Ceo And Cfo Of Assisted Living Facility Chain Sentenced In North Carolina To Five Years In Prison For Tax Fraud
WASHINGTON - Ronald E. Burrell, former chief executive officer (CEO) of Caremerica Inc., and Michael R. Elliott, former chief financial officer (CFO) of Caremerica Inc., were sentenced today in Wilmington, N.C., the Justice Department and Internal Revenue Service (IRS) announced. Judge James C. Fox sentenced both Burrell and Elliott to 60 months imprisonment and ordered them each to pay restitution of over $4.8 million.
Burrell, a resident of Wilmington, N.C., pleaded guilty to conspiracy to defraud the IRS on Jan. 3, 2012, and Elliott, a resident of Loris, S.C., pleaded guilty to conspiracy to defraud the IRS on July 18, 2012.
According to the charging documents, Burrell and Elliott co-owned and operated a chain of assisted living facilities (ALFs) in North and South Carolina. The ALFs were managed by Caremerica Inc., a Leland, N.C.-based company that Burrell and Elliott also owned and operated. Burrell was the president and CEO for Caremerica, the Caremerica ALFs and other related companies. Elliott, formerly a certified public accountant, served as the CFO and tax return preparer for the Caremerica companies. Burrell and Elliott were the corporate officers responsible for ensuring that the Caremerica companies collected, reported and paid over federal employment taxes to the IRS. However, with Burrell and Elliott at the helm, the Caremerica companies accrued more than $4.5 million in employment tax liabilities between approximately 2003 and 2006. Among other things, Burrell and Elliott filed, or caused to be filed, false IRS forms that reported full payment of the employment taxes due, when in fact only a small fraction of the taxes, or none at all, were paid.
Charging documents further allege that in 2003, Burrell and Elliott acquired majority ownership of Partners Pharmacy Services Inc. (PPS), which provided prescription drug and related services to the Caremerica ALFs. In April 2005, Burrell and Elliott sold PPS to a subsidiary of Omnicare Inc. At the closing, Burrell and Elliott received $1.6 million and $1.4 million, respectively. The PPS sale proceeds were disbursed at a time when the IRS was attempting to collect unpaid employment taxes from the Caremerica companies, as well as from Burrell personally. To prevent the IRS from discovering their PPS proceeds, Burrell and Elliott took active steps to conceal them. Among other things, Burrell formed a nominee company in his wife’s name through which he funneled a portion of his PPS sale proceeds in order to avoid IRS collection action. As a result of his concealment efforts, Burrell deceived the IRS into accepting a $29,000 settlement on a $300,000 personal tax liability and opened another assisted living facility with the PPS proceeds. Elliott directed his $1.4 million share to be wired into the bank account of his then-girlfriend. Burrell and Elliott then filed false 2005 federal income tax returns that failed to report the PPS proceeds. Elliott and Burrell also obstructed justice by making false statements under oath in bankruptcy proceedings and in IRS disclosure forms.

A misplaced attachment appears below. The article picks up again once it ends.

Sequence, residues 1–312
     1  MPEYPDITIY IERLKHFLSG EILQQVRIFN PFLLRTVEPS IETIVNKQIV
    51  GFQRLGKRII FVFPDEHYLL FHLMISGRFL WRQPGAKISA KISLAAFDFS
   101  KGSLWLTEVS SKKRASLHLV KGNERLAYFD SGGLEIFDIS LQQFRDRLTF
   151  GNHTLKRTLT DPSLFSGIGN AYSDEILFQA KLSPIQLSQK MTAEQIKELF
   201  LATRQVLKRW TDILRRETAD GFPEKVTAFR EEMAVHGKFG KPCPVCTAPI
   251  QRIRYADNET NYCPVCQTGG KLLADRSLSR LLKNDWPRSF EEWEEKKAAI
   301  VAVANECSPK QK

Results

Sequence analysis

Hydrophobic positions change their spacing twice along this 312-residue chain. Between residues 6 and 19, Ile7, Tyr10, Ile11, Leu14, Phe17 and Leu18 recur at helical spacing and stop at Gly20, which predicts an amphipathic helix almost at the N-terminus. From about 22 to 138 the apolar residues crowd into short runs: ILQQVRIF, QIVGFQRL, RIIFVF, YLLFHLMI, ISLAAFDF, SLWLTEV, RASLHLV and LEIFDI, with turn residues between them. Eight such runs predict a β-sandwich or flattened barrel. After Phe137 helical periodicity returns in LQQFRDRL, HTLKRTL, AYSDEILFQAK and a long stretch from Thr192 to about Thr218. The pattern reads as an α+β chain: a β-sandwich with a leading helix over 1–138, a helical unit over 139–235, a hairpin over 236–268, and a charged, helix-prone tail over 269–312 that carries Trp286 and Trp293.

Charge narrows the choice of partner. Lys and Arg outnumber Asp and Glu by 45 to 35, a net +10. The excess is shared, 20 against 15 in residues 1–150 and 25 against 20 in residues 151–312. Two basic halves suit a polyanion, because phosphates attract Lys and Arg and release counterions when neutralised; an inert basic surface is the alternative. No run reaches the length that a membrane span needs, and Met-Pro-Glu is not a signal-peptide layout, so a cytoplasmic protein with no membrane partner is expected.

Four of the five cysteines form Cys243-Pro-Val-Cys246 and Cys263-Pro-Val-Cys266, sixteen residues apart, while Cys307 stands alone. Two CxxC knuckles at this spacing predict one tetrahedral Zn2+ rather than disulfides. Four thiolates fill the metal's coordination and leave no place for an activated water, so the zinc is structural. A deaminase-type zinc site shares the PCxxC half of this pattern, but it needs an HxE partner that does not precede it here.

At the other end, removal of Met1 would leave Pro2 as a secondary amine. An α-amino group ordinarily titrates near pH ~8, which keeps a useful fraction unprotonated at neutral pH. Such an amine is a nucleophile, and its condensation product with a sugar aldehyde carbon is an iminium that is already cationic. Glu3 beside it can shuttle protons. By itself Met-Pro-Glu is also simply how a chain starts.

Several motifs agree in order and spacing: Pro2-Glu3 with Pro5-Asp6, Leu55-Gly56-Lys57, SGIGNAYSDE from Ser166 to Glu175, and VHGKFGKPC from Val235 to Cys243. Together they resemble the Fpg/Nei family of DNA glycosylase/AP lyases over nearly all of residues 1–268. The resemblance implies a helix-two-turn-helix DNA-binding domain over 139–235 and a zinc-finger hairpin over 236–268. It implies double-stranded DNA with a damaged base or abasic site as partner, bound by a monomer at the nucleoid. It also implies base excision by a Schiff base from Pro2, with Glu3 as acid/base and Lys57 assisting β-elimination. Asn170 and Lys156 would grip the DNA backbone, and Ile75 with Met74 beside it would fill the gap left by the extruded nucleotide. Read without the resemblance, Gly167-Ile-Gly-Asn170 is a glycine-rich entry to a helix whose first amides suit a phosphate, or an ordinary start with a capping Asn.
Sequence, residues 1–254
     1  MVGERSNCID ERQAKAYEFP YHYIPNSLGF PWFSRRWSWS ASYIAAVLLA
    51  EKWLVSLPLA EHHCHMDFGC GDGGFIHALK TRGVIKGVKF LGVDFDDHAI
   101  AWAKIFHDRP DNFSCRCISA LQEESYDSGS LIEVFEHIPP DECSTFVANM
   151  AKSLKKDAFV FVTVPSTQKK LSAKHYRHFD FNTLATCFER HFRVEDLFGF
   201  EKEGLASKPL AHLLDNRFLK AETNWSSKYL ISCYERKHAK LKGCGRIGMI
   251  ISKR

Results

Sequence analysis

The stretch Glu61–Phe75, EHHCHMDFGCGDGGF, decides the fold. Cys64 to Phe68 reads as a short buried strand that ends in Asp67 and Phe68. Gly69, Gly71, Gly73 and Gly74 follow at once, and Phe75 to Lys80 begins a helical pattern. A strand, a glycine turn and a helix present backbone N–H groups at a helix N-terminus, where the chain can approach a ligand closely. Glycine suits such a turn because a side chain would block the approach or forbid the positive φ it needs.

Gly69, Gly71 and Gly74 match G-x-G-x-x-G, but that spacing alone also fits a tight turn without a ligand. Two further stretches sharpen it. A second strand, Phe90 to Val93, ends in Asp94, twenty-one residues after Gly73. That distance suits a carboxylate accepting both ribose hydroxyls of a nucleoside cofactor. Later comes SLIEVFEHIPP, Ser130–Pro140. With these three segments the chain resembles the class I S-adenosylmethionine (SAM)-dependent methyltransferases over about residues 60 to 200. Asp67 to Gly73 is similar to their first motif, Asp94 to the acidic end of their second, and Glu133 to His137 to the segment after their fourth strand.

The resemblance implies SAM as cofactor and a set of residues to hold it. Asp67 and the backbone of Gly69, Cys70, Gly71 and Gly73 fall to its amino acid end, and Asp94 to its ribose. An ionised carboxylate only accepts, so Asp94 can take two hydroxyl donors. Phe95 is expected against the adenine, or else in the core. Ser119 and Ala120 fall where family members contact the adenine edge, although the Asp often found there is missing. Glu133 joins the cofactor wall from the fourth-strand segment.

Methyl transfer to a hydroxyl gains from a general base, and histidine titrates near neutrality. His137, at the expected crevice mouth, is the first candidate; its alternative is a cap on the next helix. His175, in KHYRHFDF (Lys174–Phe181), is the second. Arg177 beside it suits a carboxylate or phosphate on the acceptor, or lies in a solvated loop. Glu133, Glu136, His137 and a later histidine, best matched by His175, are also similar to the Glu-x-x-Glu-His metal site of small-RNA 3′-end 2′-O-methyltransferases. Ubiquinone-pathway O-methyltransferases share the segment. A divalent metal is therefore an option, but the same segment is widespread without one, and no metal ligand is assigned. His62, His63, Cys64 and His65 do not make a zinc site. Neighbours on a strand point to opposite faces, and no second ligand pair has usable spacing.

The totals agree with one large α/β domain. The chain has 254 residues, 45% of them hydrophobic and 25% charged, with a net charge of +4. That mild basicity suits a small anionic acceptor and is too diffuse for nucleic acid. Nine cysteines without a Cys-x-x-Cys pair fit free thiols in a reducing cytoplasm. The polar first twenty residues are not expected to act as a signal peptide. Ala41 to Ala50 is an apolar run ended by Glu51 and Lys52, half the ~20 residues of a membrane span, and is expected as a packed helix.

Kathryn Keneally, Assistant Attorney General for the Justice Department’s Tax Division, commended the efforts of the IRS - Criminal Investigation special agents who investigated the case, and Tax Division Trial Attorneys Adam Hulbig and Todd Ellinwood, who prosecuted the case.